Robert James Talbot Jr. considered himself a revolutionary seeking to create a different society by robbing an armored car, killing police and even blazing a bloody path though a service at a mosque where he would shoot men, women and children at prayer, officials said.
Talbot was ordered held without bond Wednesday at a hearing in Houston, Angela Dodge, a spokeswoman for Kenneth Magidson, the U.S. attorney for the southern district of Texas, said in an email. Talbot, 38, of Katy, Texas, was arrested last week, but government terror experts gave new details at Tuesday's hearing on what they said were his plans.
When Talbot was taken into custody, prosecutors released documents outlining what they said was his effort to recruit five or six like-minded individuals “to blow up government buildings, rob banks and kill law enforcement officers. Talbot created a Facebook page titled "American Insurgent Movement," the complaint alleged.
His goal as stated on Facebook, according to the complaint, was to create a “a Pre-Constitutionalist Community ... [for] those who seek True patriotism and are looking for absolute Freedom by doing the Will of God. Who want to restore America Pre-Constitutionally and look forward to stopping the Regime with action by bloodshed.”
The complaint alleges that in a March 15 Facebook post, Talbot said: “In a few weeks me and my team are goin active for Operation Liberty…I will not be able to post no more. We will be the revolution, things will happen nation wide or in the states. They will call us many names and spin things around on media. Just remember we fight to stop Marxism, liberalism, Central banking Cartels and the New World Order.”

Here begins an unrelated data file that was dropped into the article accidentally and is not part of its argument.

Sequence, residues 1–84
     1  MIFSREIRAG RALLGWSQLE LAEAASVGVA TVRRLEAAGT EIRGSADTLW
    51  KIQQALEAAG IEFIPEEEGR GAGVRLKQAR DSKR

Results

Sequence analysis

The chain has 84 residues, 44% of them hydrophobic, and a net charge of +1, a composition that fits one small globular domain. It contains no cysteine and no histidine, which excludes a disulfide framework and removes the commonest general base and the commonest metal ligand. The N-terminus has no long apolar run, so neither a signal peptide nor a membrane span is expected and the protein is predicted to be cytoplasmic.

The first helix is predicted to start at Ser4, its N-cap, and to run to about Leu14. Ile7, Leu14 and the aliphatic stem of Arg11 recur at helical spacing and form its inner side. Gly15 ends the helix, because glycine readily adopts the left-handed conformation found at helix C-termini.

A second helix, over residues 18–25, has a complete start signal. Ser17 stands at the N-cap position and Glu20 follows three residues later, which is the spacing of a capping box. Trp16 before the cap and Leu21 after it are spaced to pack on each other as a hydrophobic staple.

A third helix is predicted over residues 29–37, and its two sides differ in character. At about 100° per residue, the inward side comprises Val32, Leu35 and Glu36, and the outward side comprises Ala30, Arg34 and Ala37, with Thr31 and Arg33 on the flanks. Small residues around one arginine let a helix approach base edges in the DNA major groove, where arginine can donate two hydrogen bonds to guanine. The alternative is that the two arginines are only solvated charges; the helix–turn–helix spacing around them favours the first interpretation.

Officials went further during the Tuesday hearing before U.S. Magistrate Judge Frances Stacy, who ordered Talbot held without bail on charges including attempted interference with commerce by robbery, solicitation to commit a crime of violence and possession of an explosive material. If convicted of the top charge, Talbot faces more than 20 years in prison.
FBI special agent Renee Cline testified at the hearing that Talbot “wanted to go to a mosque on Friday and take women, children, men and shoot them,” according to the Houston Chronicle. Cline added that Talbot planned to hit the mosque during a prayer session when the most people would be there.
Talbot whispered with his public defender, who told the judge there was no evidence Talbot had hurt anyone.
The Chronicle reported: "But citing concern for what she described as 'objects of Mr. Talbot's hatred,' including law enforcement officers and Muslims, Stacy said, 'I can't think of any conditions that I could come up with that would guarantee safety of the community and ensure he would make court appearances.' "
Cline, who is part of a domestic terrorism task force, said Talbot had come up in two previous investigations, one in Albany, N.Y., and another in Detroit, but in August 2013 agents learned he had moved to Houston and was using the Internet to recruit, the Chronicle reported. She did not say why Talbot moved, but said he held a few temporary jobs and had purchased a Glock handgun. He lived briefly in the Katy area, outside Houston, is not married and has no children.
Cline said the views Talbot shared online were deemed so violent that he was banned from two militia chat rooms. The FBI began monitoring him, using undercover agents and informants, the newspaper reported.
Talbot is accused of telling the undercover agents that he needed to rob banks and armored cars for funds to buy bigger weapons. He was recorded while staking out operations and honed in on one armored car that authorities said would have been carrying more than $300,000 by the end of its rounds, the Chronicle reported.
Talbot also allegedly had a personal score to settle. Authorities say Talbot said he wanted to kill a Texas state trooper who arrested him in January for allegedly driving under the influence, and to set a trap for more officers, according to the Chronicle.
Talbot wanted a team of like-minded insurgents to come with him to Washington, D.C., but first wanted to attack a mosque as training.
“He cannot stand the federal government, this is the U.S. government,” Assistant U.S. Atty. Carolyn Ferko said. “This defendant is not going to obey, follow or do anything the U.S. government tells him to do,” the Chronicle reported.
ALSO:Copyright © 2014, Los Angeles Times